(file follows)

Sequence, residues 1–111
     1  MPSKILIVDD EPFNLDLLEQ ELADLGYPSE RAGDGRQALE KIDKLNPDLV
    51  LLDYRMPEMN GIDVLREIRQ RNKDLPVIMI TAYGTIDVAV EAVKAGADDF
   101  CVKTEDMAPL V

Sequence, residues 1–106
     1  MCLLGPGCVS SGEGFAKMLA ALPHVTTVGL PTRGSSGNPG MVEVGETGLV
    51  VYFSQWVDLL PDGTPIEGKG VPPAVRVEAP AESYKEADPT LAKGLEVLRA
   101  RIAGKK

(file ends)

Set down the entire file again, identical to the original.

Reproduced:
Sequence, residues 1–111
     1  MPSKILIVDD EPFNLDLLEQ ELADLGYPSE RAGDGRQALE KIDKLNPDLV
    51  LLDYRMPEMN GIDVLREIRQ RNKDLPVIMI TAYGTIDVAV EAVKAGADDF
   101  CVKTEDMAPL V

Sequence, residues 1–106
     1  MCLLGPGCVS SGEGFAKMLA ALPHVTTVGL PTRGSSGNPG MVEVGETGLV
    51  VYFSQWVDLL PDGTPIEGKG VPPAVRVEAP AESYKEADPT LAKGLEVLRA
   101  RIAGKK